Many people who wind up with a smaller Social Security check because they claim their benefit early could have waited longer to file, thanks to funds in their IRA.
That's the finding from a recently published study in the Journal of Pension Economics & Finance.
"It seems like there is a significant portion of the population claiming early even though they have the potential to finance a delay," said Gopi Shah Goda, a co-author of the study and the deputy director and senior fellow at the Stanford Institute for Economic Policy Research.
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Around 34 percent of beneficiaries who claim their Social Security before 66 — the current full retirement age for most people — have enough money in an IRA to finance the equivalent of at least two years of Social Security benefits, the researchers found. A quarter of them had enough to finance at least four years.
An IRA is a tax advantaged investment account in which you can contribute up to $5,500 a year (older savers can put away more). You can start withdrawing from the account at 59½, without penalities, although you will owe income taxes on the amount taken out.
The researchers studied tax data on individuals between the ages of 59 to 71 from the 1940 birth cohort. They also found that other available liquid assets, including stocks, bonds and certificates of deposit, could help people postpone their claiming decision even further.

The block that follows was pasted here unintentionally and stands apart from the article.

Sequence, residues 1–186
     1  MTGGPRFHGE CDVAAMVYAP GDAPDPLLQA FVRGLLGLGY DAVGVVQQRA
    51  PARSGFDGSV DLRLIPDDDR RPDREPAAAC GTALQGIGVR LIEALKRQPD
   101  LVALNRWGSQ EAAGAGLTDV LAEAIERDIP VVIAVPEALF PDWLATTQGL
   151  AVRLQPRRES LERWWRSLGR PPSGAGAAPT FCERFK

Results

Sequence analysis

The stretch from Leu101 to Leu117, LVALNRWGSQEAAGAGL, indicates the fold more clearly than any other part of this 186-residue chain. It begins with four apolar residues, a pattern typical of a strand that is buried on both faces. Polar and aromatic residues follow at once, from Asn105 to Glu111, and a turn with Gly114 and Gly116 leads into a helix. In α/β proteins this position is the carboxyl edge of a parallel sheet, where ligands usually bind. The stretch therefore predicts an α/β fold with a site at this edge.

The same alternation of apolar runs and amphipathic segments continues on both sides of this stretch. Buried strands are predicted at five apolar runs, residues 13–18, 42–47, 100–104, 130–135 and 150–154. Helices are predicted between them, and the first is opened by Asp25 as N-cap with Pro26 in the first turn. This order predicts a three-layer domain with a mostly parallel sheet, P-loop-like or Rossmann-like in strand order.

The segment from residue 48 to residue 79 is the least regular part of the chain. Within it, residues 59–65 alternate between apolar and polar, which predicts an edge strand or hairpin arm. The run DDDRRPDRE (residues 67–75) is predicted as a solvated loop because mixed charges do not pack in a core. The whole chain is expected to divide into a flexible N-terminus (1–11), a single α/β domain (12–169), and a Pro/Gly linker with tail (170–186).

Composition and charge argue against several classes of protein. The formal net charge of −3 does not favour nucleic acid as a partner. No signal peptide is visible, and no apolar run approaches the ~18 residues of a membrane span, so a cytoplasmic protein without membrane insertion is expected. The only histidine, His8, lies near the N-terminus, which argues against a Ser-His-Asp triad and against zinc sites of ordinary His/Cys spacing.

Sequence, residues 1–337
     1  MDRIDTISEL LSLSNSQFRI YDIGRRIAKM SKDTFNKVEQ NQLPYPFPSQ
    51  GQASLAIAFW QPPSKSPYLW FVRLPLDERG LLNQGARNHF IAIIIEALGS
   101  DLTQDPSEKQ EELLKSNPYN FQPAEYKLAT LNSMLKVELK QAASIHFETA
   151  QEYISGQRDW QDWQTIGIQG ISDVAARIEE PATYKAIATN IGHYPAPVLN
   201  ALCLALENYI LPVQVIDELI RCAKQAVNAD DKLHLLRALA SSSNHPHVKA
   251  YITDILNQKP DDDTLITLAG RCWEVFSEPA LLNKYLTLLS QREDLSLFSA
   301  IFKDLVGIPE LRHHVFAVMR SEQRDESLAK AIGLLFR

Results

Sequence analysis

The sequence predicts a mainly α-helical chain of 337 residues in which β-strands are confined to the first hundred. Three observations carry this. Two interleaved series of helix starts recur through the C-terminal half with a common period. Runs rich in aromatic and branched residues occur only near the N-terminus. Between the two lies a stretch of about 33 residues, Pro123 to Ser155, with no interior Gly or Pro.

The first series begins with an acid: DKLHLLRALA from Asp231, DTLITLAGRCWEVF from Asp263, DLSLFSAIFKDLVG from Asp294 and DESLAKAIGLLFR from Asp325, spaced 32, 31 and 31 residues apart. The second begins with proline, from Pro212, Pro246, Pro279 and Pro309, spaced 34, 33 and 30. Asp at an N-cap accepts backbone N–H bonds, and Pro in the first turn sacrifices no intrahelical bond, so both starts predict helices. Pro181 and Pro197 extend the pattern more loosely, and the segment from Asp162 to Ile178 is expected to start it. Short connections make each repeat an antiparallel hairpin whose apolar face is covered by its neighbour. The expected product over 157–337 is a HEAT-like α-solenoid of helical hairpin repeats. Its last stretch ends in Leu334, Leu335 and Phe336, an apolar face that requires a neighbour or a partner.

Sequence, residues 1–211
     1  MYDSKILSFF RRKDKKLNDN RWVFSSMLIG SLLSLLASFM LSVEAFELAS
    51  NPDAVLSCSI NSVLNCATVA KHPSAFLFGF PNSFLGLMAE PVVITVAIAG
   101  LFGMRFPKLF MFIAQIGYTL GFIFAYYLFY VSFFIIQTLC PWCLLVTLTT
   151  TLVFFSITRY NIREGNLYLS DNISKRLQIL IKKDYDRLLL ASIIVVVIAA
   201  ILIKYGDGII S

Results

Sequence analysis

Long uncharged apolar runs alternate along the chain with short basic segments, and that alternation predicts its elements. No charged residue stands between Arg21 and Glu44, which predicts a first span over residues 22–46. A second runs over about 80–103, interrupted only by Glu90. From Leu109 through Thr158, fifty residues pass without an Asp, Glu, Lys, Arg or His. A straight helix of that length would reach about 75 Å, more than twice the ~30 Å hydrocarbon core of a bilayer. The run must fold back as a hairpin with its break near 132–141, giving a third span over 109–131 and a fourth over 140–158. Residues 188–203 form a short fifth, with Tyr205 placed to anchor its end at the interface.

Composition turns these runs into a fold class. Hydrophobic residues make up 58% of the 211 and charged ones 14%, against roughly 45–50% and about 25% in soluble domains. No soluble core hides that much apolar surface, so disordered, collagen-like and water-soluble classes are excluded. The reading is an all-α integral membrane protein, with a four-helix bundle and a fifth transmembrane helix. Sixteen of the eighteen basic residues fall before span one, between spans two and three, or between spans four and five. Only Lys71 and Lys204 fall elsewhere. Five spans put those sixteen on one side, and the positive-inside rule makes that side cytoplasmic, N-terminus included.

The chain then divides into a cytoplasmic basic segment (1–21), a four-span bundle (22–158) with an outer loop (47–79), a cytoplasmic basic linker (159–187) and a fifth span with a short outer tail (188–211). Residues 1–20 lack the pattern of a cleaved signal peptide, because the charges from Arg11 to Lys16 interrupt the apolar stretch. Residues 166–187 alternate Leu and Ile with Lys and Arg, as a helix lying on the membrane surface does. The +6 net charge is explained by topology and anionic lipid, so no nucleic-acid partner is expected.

Your monthly Social Security check will often be three-quarters larger if you claim at 70 instead of at 62, said Laurence Kotlikoff, an economics professor at Boston University and the author of "Get What's Yours: The Secrets to Maxing Out Your Social Security.
Still, some people are skittish about withdrawing from their traditional IRA because of the taxes that will be triggered, Kotlikoff said, and so they file for Social Security first. "As a consequence, they leave tens to hundreds of thousands of lifetime spending dollars on the table," he said.
There are actually tax benefits to tapping your IRA before your Social Security checks, said Ed Slott, a retirement savings expert.
If you start withdrawing from your IRA at, say, 62, your account balance is likely to be smaller by the time you're 70½ —when you'll be subject to required minimum distributions. As a result, Slott said, "your pool of taxable IRA money will be less." (You may want to wait as long as possible to dig into a Roth IRA, Slott said, since those distributions are tax-free.)
Some people might not want to drain their IRA, fearing they'll be slapped with a large medical bill at some point, Shah Goda said. You can withdraw a lump sum from your IRA, whereas your Social Security, of course, is paid in monthly installments.
Others might worry that Social Security will not be available to them down the road, she said. "Any type of reform would almost certainly protect people close to retirement age, and would not be conditional on whether people have claimed or not," she said.
To be sure, there are some instances in which claiming your Social Security early makes sense, such as if you know you're not going to live that long.
Others will file as soon as they turn 62 out of necessity, but, Slott said, "if you don't need it, why take something now when you can lock in a much bigger check for life later?"